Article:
"I'm very sure they can't have a better administration for them than the one they have now," he said....
Anonymous believes Mr Bush is taking the US in exactly the direction Bin Laden wants, towards all-out confrontation with Islam under the banner of spreading democracy.
Spencer Ackerman, subbing for the vacationing Joshua Marshall at Talking Points Memo, has an intriguing interview with the author, who is especially critical of the warping of intelligence data for political purposes and of a foreign policy that has placed access to oil well above other considerations. So far, so good. More importantly, he talks in a gloomy manner about "total war" between American and its European allies and the Islamic world. And right about there is where he goes way off track.
By way of analogy, consider the range of mainstream American foreign policy in, say, 1963, regarding the Soviet Union. On what was deemed the left was an aggressive containment policy that was predicated on preventing any more pro-Western governments from falling under the evil Soviet spell. On the right was a plethora of ways to right the Soviets and kick them out of Eastern Europe or Cuba or Southeast Asia. Thirty years later, both containment and rollback were moot. (Alas, mainstream politicians refuse even today to look back at the Cold War and at least rue the lives wasted and trillions of dollars squandered on anti-Communism, let along rue the concept itself. But they could at least vow not to start Cold War II!)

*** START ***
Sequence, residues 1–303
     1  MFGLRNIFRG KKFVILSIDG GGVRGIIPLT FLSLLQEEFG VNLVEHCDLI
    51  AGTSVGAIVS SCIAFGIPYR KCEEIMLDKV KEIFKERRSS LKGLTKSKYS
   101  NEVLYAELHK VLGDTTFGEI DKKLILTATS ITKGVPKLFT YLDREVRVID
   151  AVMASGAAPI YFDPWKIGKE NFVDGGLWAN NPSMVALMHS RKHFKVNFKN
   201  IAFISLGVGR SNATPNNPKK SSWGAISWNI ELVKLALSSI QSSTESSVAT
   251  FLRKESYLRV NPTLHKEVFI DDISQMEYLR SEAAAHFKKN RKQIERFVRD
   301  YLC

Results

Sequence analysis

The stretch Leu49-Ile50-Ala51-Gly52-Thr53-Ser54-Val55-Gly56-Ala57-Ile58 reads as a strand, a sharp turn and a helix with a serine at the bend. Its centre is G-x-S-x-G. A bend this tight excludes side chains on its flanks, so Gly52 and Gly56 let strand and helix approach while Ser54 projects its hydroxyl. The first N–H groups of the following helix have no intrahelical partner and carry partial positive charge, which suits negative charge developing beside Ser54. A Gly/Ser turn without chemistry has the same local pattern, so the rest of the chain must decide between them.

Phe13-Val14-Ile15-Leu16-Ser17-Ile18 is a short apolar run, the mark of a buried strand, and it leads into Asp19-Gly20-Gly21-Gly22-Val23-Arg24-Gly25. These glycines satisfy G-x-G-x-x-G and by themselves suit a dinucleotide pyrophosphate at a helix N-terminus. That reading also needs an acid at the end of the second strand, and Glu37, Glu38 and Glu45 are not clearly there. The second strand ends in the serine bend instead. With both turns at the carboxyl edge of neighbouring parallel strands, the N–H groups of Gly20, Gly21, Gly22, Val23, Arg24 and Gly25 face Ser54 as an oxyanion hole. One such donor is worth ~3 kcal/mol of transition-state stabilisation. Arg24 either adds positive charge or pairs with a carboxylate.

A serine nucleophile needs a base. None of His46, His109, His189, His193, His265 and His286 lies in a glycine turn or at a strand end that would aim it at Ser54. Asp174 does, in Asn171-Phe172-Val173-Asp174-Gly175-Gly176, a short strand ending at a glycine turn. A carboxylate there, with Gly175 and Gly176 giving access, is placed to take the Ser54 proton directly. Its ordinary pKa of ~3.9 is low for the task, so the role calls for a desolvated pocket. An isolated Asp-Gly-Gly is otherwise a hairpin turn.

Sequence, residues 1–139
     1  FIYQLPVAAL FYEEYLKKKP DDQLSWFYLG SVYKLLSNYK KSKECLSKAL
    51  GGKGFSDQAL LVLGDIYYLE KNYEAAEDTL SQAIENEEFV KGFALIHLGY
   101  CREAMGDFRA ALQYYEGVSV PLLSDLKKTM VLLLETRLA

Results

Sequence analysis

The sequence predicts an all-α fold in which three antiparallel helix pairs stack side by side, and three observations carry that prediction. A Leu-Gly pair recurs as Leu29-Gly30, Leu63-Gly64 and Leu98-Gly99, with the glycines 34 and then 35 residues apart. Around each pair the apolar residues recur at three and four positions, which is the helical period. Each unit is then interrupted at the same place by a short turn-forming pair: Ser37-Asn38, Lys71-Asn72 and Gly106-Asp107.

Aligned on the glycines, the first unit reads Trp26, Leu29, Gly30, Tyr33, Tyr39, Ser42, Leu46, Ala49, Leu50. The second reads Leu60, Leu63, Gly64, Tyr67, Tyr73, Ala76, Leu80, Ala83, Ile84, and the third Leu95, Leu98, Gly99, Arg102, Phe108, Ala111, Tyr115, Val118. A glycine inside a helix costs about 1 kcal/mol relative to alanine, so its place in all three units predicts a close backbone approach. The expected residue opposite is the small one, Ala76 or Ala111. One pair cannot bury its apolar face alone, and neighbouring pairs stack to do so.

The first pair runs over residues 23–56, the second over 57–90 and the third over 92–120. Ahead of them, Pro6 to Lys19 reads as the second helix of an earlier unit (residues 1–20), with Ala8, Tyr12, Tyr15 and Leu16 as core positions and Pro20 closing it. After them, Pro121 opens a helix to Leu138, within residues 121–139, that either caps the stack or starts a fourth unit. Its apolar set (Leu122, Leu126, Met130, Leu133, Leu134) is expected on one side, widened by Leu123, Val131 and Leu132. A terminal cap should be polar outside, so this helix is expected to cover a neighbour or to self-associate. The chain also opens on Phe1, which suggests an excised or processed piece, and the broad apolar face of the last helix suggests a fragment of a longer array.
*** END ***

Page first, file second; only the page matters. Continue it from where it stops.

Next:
16 June 2004
The Real Fiscal Conservatives
Brad DeLong does a great job of putting the lie to the Republican spin on the Ronald Reagan presidency. He also juxtaposes the success of Bill Clinton at managing federal spending with the failure of our current president. I have to wonder, how could any thinking fiscal conservative vote for George W. Bush in the face of such simple truths.
Here is an excerpt:
Federal Spending as a Share of GDP:
21.6%: Last Carter budget (FY 1981)
20.7%: Last Reagan budget (FY 1989)
-0.9%: Change over Reagan terms
21.0%: Last Bush I budget (FY 1993)
18.3%: Last Clinton budget (FY 2001)
-2.7%: Change over Clinton terms
20.4%: Forecast FY 2005 budget
+2.1%: Change over Bush term*
Why doesn't the AEI report these numbers? Because it doesn't want you thinking. It doesn't want you thinking that the axe Reagan took to the discretionary domestic side was largely offset by increases in defense spending that had relatively little effect on the strategic balance vis-a-vis the tottering Soviet Union (more submarines, anyone?) and by the explosion of interest payments on the debt produced by the Reagan deficits. It doesn't want you thinking that Clinton-era reductions in the size of the government were three times as big as Reagan-era reductions. And it doesn't want you to really focus on exactly how profligate the Bush budgets have been.
15 June 2004
Designated for Assignment